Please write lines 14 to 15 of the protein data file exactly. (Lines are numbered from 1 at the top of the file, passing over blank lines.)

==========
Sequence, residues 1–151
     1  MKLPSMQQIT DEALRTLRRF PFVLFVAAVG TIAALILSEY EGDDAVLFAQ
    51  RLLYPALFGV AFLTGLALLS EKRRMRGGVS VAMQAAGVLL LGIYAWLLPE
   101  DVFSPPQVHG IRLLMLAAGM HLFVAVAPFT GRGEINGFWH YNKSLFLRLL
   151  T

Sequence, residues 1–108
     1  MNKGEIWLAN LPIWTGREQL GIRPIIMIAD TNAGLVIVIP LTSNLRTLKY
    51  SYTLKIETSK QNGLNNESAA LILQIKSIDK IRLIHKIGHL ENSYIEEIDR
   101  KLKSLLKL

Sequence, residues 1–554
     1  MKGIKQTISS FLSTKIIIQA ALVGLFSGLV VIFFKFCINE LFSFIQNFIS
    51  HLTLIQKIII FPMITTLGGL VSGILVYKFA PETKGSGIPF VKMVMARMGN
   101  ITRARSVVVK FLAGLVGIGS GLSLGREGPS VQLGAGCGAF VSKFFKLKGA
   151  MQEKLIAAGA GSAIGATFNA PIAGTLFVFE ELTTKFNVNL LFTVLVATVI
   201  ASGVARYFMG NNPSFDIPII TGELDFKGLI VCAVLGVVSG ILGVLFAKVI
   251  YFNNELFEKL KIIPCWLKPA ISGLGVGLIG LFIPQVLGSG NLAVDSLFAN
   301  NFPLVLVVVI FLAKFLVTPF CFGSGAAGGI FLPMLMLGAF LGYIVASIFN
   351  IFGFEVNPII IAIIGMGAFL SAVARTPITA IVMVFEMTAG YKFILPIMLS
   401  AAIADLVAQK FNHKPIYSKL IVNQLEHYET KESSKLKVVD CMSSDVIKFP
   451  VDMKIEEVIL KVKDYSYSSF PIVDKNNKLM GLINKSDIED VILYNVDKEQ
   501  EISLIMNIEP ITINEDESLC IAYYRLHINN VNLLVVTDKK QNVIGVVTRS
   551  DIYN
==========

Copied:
   151  MQEKLIAAGA GSAIGATFNA PIAGTLFVFE ELTTKFNVNL LFTVLVATVI
   201  ASGVARYFMG NNPSFDIPII TGELDFKGLI VCAVLGVVSG ILGVLFAKVI